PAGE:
With Thanksgiving just ahead, there's a lot of talk about the table.

With Thanksgiving just ahead, there's a lot of talk about the table.
Although the focus is on food and decoration, a group of fourth grade students at Central Elementary in Neosho learned how they could build a table.
Mrs. Mindy Bartley's class, under the guidance of Ralph Maness, had their first STEM assignment on Tuesday.
STEM classes combine science, technology, engineering, and math skills in real world lessons that connect school, home, and community.  While students aren't likely to build a table sturdy enough to hold Thanksgiving dinner, they did learn useful skills that can have many applications. And they had fun in the process.
Students divided into small groups for the assignment. Each group was tasked with drawing or talking about a design for a table using six pieces of newspaper and a piece of cardboard. After agreeing on design, students build their table using the materials.  Then, they tested their creation which had to be sturdy enough to hold a large dictionary. If the table failed to hold the volume, then students had to regroup and try again.
The fourth graders studied aquaponics for the last seven weeks. Maness, who the students call 'Mr. Ralph' asked them to explain what aquaponics are. "It's when you put a plant in water and you raise fish and it helps the fish grow," a student named Stella explained. "There's something it in that helps."
Another student, Winter, provided additional details. "The reason that the water helps the plants grow is that it has nutrients in it," Winter explained. "Whatever nutrients your body (or the fish's) doesn't need comes out in the waste and the plants use the nutrients."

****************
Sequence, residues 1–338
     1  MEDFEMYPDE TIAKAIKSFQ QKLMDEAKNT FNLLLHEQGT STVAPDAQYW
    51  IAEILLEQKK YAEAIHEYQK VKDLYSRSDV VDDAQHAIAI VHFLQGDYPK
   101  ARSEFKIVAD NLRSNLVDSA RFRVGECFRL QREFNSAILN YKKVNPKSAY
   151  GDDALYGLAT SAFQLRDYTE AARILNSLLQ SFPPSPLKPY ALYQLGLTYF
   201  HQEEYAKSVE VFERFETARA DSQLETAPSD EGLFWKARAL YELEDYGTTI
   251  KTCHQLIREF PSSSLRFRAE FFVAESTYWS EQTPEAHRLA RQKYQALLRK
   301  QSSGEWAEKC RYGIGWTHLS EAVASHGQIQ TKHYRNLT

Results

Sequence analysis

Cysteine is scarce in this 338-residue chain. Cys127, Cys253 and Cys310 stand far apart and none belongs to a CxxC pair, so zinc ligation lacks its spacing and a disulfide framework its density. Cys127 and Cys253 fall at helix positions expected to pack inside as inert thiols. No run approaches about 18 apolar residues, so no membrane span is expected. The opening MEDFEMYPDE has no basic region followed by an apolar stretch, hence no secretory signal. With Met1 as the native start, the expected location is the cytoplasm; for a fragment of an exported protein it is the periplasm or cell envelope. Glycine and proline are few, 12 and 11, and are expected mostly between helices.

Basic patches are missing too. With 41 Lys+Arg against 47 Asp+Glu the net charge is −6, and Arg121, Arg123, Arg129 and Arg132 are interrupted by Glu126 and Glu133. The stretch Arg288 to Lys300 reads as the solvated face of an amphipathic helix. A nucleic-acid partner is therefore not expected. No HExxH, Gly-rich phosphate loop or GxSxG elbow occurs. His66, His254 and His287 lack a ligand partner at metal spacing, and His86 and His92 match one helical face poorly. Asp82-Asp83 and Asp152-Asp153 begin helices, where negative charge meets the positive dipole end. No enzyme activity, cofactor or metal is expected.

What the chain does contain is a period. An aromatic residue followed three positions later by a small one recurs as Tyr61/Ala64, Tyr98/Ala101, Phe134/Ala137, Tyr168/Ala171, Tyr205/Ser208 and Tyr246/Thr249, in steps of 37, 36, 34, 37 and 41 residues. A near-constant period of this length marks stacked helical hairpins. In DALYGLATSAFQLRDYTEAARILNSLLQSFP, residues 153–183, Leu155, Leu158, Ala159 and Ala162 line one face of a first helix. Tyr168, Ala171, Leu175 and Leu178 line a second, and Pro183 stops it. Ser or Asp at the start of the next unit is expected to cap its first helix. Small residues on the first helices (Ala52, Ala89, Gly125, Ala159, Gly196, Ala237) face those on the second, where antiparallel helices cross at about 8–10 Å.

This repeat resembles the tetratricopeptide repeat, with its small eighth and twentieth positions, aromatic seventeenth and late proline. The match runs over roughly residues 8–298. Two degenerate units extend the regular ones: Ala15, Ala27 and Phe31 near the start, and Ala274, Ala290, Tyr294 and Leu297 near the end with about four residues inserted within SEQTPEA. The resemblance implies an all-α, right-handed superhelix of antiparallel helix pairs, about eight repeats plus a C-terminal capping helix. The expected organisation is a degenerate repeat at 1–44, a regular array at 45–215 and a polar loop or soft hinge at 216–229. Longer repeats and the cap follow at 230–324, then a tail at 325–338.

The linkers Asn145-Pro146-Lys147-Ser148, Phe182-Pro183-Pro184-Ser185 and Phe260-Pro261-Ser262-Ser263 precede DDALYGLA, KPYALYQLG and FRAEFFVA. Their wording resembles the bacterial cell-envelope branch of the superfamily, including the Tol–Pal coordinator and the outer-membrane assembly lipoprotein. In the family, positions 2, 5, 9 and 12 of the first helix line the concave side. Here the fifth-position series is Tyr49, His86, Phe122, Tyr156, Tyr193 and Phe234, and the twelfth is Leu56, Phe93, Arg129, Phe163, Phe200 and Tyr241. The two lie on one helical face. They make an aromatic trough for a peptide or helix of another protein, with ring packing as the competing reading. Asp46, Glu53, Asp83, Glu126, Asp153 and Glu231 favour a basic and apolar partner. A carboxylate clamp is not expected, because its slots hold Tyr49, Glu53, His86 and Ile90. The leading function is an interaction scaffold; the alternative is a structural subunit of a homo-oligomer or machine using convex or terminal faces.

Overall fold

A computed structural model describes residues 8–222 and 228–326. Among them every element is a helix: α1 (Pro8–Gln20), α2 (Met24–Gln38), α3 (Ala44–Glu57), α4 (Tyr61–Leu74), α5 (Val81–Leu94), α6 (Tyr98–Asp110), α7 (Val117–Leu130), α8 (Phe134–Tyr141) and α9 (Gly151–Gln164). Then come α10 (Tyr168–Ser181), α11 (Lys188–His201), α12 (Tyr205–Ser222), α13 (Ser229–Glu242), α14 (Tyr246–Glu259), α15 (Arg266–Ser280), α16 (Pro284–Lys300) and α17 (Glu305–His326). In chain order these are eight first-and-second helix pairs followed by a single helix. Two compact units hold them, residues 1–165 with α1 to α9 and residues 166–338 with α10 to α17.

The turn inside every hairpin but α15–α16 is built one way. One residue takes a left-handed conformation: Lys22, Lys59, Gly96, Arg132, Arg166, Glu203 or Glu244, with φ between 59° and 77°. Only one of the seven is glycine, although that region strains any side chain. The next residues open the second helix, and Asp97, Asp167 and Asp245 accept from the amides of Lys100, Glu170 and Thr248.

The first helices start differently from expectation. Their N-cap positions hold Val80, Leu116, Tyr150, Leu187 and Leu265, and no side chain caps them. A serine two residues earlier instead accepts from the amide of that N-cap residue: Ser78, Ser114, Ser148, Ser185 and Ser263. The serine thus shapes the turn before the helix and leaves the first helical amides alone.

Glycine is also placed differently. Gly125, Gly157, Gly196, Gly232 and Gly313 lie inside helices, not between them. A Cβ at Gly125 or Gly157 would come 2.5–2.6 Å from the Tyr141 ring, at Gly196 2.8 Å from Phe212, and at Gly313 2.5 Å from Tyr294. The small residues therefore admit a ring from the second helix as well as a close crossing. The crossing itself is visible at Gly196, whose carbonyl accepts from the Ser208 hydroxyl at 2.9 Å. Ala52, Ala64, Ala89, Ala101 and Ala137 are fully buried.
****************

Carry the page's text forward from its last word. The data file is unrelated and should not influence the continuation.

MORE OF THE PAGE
As the class turned toward the new assignment, they talked about Thanksgiving. Students said it was a day to eat turkey, thank God, and be thankful.
The class of sixteen divided into groups and began working on a paper table that had to be at least 12 inches tall.
The first group to build a table that held up under the weight of a dictionary consisted of Christian Brandon, and Winter. Their first effort stood when Maness tested the weight bearing capability. Next, they tried adding several other books but the table collapsed. So, the group went back to the drawing board and adjusted their design. The second table did hold up under the dictionary and the additional books so with Maness' suggestion, they tried a computer tower. Their table held up.
Other groups also worked diligently at building their tables with plenty of trial and error, a few giggles, and numerous smiles.
While every group did not succeed in building a paper table sturdy enough to hold a dictionary, all of the students learned some vital skills they can apply to many other lessons and life projects.
Best of all, from a child's point of view, they had fun while they learned!